The Age of Miracles by Karen Thompson Walker
2012 Random House
Finished on March 17, 2016
Rating: 4.5/5 (Very Good!)
Luminous and haunting, The Age of Miracles is an unforgettable debut novel about coming of age during extraordinary times, about people going on with their lives in an era of profound uncertainty.
On a seemingly ordinary Saturday in a California suburb, Julia and her family awake to discover, along with the rest of the world, that the rotation of the earth has suddenly begun to slow. The days and nights grow longer and longer, gravity is affected, the environment is thrown into disarray. Yet as she struggles to navigate an ever-shifting landscape, Julia is also coping with the normal disasters of everyday life—the fissures in her family, the loss of friends, the hopeful anguish of love. As Julia adjusts to the new normal, the slowing inexorably continues.
“A stunner from the first page.” ~ Justin Cronin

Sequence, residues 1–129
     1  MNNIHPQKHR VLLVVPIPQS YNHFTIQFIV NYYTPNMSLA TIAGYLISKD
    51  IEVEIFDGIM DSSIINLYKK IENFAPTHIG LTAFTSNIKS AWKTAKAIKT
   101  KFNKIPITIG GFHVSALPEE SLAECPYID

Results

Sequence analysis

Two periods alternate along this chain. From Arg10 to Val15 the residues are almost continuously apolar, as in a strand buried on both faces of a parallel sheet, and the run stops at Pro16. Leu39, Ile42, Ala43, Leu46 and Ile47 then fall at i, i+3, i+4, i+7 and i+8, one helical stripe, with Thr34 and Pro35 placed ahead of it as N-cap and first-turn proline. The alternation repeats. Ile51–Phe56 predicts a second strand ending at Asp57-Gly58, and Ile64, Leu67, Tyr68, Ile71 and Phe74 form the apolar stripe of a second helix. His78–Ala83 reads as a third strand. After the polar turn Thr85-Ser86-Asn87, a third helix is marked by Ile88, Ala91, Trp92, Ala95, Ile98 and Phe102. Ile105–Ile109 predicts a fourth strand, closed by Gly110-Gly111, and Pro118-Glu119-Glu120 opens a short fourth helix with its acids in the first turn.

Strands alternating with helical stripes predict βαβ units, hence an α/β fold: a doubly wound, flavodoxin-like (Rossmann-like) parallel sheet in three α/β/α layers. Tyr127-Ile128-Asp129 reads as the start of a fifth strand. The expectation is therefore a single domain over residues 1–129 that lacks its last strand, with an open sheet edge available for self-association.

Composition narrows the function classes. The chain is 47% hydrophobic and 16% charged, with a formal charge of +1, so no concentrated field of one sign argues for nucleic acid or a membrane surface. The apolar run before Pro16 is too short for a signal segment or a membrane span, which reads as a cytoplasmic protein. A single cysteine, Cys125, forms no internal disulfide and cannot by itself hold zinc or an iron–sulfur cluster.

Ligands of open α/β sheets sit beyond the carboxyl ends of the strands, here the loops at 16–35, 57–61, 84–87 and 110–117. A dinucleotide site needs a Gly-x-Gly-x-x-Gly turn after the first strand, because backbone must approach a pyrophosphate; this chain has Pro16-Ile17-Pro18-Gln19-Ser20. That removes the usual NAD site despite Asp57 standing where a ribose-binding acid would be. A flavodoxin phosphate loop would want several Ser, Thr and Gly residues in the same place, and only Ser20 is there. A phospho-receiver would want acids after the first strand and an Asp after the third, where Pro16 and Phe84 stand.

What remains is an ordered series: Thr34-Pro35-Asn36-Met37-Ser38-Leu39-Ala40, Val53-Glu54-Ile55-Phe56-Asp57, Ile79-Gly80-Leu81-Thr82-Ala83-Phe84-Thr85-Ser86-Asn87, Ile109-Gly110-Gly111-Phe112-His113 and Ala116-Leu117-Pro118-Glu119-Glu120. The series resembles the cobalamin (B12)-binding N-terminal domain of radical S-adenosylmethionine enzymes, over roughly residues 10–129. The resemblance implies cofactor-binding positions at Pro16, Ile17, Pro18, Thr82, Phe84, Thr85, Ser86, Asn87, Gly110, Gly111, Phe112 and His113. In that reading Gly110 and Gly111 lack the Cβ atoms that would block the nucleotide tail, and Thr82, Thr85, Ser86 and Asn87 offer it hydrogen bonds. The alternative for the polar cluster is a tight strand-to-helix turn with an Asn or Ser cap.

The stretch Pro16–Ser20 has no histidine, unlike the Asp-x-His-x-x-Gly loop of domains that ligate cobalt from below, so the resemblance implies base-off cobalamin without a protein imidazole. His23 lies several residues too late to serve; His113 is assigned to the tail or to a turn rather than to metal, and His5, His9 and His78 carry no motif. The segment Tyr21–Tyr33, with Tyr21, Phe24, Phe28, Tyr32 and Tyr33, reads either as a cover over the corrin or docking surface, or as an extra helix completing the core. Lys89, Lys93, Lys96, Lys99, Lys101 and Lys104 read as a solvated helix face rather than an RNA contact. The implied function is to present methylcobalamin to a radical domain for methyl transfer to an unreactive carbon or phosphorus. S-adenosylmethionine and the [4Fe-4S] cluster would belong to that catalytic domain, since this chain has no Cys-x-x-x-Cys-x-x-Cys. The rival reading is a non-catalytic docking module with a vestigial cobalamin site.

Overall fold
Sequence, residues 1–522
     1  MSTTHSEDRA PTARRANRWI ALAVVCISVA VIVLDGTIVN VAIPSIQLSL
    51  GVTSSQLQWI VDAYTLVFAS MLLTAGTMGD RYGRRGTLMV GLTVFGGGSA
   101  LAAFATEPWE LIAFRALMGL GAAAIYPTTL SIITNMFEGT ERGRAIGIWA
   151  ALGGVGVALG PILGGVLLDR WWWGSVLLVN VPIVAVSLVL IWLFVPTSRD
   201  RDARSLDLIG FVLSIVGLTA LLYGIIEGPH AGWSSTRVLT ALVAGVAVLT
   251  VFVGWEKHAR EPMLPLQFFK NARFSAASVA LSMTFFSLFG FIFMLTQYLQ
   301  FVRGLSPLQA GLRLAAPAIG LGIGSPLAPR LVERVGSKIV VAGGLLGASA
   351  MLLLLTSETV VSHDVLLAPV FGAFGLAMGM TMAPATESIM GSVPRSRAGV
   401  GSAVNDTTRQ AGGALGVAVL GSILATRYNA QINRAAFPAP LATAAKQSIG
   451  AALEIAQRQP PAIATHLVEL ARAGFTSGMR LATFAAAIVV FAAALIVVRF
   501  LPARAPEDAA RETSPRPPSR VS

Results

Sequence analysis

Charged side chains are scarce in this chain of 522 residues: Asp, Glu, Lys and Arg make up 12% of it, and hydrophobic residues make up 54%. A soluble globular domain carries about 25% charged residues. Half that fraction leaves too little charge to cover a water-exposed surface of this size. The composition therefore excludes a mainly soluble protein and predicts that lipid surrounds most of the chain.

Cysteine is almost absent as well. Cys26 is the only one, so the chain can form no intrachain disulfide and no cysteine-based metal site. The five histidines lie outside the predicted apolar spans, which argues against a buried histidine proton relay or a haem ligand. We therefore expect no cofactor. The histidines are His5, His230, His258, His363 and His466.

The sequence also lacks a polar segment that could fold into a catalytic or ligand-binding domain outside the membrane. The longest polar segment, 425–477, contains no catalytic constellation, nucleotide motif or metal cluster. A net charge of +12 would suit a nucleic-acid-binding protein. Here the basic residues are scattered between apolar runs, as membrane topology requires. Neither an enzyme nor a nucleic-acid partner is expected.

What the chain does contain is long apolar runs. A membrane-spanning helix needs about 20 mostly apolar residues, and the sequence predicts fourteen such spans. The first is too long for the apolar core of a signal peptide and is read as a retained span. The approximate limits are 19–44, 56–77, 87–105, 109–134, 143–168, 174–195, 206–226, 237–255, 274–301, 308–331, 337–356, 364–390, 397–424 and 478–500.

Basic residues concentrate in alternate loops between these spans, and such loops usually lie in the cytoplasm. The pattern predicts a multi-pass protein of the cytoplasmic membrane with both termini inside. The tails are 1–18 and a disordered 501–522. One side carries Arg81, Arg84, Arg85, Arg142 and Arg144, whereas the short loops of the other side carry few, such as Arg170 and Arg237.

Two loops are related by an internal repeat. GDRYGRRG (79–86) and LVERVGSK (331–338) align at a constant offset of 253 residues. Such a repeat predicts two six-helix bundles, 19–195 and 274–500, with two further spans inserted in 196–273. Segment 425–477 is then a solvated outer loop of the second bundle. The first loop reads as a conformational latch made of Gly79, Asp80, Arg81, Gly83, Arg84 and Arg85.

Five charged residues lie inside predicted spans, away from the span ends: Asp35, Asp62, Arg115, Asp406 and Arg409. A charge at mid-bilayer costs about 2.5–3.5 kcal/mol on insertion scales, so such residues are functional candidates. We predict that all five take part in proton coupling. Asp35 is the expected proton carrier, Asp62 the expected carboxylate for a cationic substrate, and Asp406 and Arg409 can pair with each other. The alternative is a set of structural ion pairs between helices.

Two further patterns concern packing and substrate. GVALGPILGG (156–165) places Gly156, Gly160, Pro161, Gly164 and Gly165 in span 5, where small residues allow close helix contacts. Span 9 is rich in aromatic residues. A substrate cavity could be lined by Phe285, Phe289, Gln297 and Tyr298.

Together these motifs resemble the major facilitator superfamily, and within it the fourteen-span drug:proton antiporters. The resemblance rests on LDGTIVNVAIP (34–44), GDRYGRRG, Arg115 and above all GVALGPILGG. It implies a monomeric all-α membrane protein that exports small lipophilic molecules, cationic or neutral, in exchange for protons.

Daylight Savings Time remains a controversial topic here in the U.S., and while I hate to lose an hour of productivity (and sleep!) I do love the longer days of spring and summer. After dinner, my husband and I like to go for walks, bike rides or simply enjoy a cocktail on our front porch. Imagine, though, if our days suddenly shifted from 24 hours in length to 28 or 30, or even, as much as 48! Not only would the slowing of the earth’s rotation disrupt our normal sleep patterns and the normal routines of society (government, work, school, etc.), but it would also cause serious problems for the tides, plant life and the earth’s magnetic field. Karen Thompson Walker’s debut novel explores these situations, convincing this reader of the plausible outcome of such a disaster. Suffice it to say, I was just a little bit scared.
We didn’t notice right away. We couldn’t feel it.Since this novel is set in San Diego, I found myself reminiscing about my childhood. I moved to Southern California shortly after my 11th birthday, so not only did I relate to Julia’s experiences in sixth grade, but I recognized the locations to which Walker refers. As a matter of fact, if I were able to chat with the author, I’d love to see if I could guess her exact setting based on the details of her narrative. Like her protagonist, she grew up in San Diego and I can almost speculate where she spent her youth. I found it very easy to picture Julia and Seth hiking through the sage brush-filled canyons, heading toward the beach after hearing the news of a beached whale. I, too, have walked those canyons.